Atul Gawade's The Checklist Manifesto teaches us:
The first step to addressing both of those points is to actually have a checklist. For whatever reason, I've never seen anyone debug according to an explicit checklist, but I think it might be worthwhile. Here's my attempt at making one for myself.
If things get really dire, I take a walk and think about something else and then, when I'm back at my desk, ask myself what do I actually know?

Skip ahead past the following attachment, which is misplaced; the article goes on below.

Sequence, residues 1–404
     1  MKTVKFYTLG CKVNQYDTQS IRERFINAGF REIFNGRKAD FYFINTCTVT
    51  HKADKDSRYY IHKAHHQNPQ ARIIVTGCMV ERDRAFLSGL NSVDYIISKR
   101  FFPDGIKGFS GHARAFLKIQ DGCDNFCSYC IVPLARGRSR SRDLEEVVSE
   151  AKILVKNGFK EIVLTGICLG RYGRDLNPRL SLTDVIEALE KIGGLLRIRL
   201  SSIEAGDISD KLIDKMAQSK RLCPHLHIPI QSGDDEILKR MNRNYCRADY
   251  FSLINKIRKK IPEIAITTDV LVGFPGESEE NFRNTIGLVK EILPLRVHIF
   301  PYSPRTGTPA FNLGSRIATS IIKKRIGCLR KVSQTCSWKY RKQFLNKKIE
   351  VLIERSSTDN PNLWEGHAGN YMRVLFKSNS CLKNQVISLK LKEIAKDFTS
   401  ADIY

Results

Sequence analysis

Another benefit of having a checklist is, if you need to enroll the help of a coworker or collaborator, you've got a list of things you've tried and the results of those tries. Plus, you've proof that you put effort and consideration into solving the problem on your own and therefore respect their time.
p.s. Julia Evans has a bunch of other debugging advice that you should check out.
"Make it a habit to examine error messages when something goes wrong. Avoid debugging by gut feel or trial and error."